“While we feel we have a strong case for an exemption regardless of the Hobby Lobby ruling, the Supreme Court has decided that religious beliefs are so sacrosanct that they can even trump scientific fact. This was made clear when they allowed Hobby Lobby to claim certain contraceptives were abortifacients, when in fact they are not. Because of the respect the Court has given to religious beliefs, and the fact that our our beliefs are based on best available knowledge, we expect that our belief in the illegitimacy of state mandated ‘informational’ material is enough to exempt us, and those who hold our beliefs, from having to receive them.”
I wrote in a previous post about how the Supreme Court has unleashed chaos, creating a brand-new religious right to opt out of complying with seemingly any law. Well, if that’s the way things are going to go, there’s no reason that only right-wingers can or should exploit this decision. The least we can do is use it to our advantage, and there’s no better proving ground than the blizzard of abortion restrictions that state legislatures have passed over the last few years.
Anti-choice conservatives have shown enormous creativity when it comes to putting obstacles between women and their constitutional rights: mandatory waiting periods to inconvenience those who have to travel and take time off work; state-written scripts, full of falsehoods about the supposed dangers of abortion, that doctors are forced to read; mandatory, medically unnecessary ultrasounds whose only purpose is to shame and humiliate; bans on safe and simple medication-induced abortions or D&E-type surgical abortions; and pointless regulations, like requiring clinics to be retrofitted as “ambulatory surgical centers” or requiring doctors to have admitting privileges at a local hospital, that are intended to be too difficult or too expensive to comply with.
The Hobby Lobby decision could sweep all these away. If family planning clinics assert that they’re owned and managed by people with sincere religious objections to these laws, the Supreme Court has spoken and said clearly that they have a religious-liberty right to ignore them. No more waiting periods, no more scripts for doctors to read, no more bans on medication abortion, no more having to comply with TRAP laws: all these regulations must come to naught against the bulwark of religious liberty. The precedents for this were already in place – for example, church-owned daycare centers don’t have to follow the same safety guidelines as secular alternatives, and church-owned businesses can hire and fire without regard to anti-discrimination laws – but Hobby Lobby makes that path broad, straight and flat.
I grant that the optics of Planned Parenthood reorganizing as an arm of the Satanic Temple might not be so attractive. But there are plenty of alternatives. There are any number of liberal, choice-friendly churches whom I’m sure would be happy to lend their imprimatur to this effort. How about Unitarian Universalism, or Reform Judaism? This would have the bonus that many liberal churches can genuinely cite a longstanding and deeply held tradition of supporting reproductive freedom, one that’s been previously recognized as such by the courts (although that isn’t even essential; Hobby Lobby continues to do business with China, for example, a state with a policy of forced abortion. Apparently it doesn’t matter if your religious belief is newly discovered or exercised inconsistently; it only matters that you assert it.)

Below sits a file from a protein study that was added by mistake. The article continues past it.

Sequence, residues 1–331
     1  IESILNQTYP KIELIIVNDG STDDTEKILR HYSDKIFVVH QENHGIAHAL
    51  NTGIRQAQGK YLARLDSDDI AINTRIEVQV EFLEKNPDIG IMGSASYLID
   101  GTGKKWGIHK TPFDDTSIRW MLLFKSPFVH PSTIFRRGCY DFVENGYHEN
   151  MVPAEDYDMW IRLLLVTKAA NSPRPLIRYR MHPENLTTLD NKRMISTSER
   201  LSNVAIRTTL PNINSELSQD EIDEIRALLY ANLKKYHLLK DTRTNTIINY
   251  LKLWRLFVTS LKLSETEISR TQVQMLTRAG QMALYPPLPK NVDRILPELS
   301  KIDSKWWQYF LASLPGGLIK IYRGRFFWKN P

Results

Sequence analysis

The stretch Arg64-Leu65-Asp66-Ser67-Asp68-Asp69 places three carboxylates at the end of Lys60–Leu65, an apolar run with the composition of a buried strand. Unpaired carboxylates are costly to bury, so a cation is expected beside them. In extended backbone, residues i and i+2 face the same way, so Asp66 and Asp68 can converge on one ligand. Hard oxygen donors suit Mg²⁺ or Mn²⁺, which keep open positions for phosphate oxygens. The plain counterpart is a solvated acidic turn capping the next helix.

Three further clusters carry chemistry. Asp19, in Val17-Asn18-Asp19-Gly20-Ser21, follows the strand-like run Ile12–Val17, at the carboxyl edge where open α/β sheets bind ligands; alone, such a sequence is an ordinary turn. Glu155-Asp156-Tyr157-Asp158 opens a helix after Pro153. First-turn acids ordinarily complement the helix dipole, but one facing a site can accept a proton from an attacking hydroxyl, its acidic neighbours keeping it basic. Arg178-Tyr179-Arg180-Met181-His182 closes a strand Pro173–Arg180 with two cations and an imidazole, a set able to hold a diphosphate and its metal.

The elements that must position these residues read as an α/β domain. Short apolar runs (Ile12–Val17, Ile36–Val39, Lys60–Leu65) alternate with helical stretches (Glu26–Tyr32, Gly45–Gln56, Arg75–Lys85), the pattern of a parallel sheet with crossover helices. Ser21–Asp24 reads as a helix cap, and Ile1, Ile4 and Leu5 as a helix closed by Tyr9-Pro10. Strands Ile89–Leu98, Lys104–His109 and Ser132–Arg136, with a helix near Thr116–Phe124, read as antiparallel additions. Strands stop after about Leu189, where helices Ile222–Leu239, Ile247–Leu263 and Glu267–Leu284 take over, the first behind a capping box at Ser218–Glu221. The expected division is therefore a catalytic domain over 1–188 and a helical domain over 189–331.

And purely secular groups could get in on the act too. After all, as courts have repeatedly recognized, a sincerely held personal philosophical belief is just as good as a religious belief for conscientious-objector purposes. This was reaffirmed most recently this month in Indiana, when a federal court granted the Center for Inquiry the right to certify people as secular celebrants with the power to solemnize marriages, striking down a discriminatory law that limited this privilege to clergy. Why can’t we also cite our sincerely held beliefs as a reason to ignore anti-abortion laws that we don’t like?
I’ll be the first to admit that this isn’t an ideal or desirable way for a democratic society to operate. Religion shouldn’t be an excuse to opt out of any neutral and generally applicable law passed in furtherance of a rational state purpose. We should have one law for all people, regardless of their beliefs or lack thereof.
But the simple historical truth is that this isn’t how our society works now. The Hobby Lobby decision was the culmination of a decades-long campaign by the American religious right to build a legal framework of nullification, where religion operates as a special privilege to exempt oneself from the law. If they’re so determined to make this part of American constitutional jurisprudence, then it’s right and fitting that we give them a taste of their own medicine. I want to see their reaction when clinics in red states start filing religious-liberty challenges to anti-choice laws. Who’ll be the first?
Postscript: One possible complication is that the Hobby Lobby decision was based on RFRA, the federal Religious Freedom Restoration Act, which doesn’t apply to state laws as per City of Boerne v. Flores. However, 19 states have their own versions of RFRA and would be fertile ground for a challenge like this. It could also potentially be used to challenge federal abortion restrictions, particularly the Hyde Amendment. In any case, Hobby Lobby is brand-new precedent and no one is in a position yet to make any definite statement about how far it extends.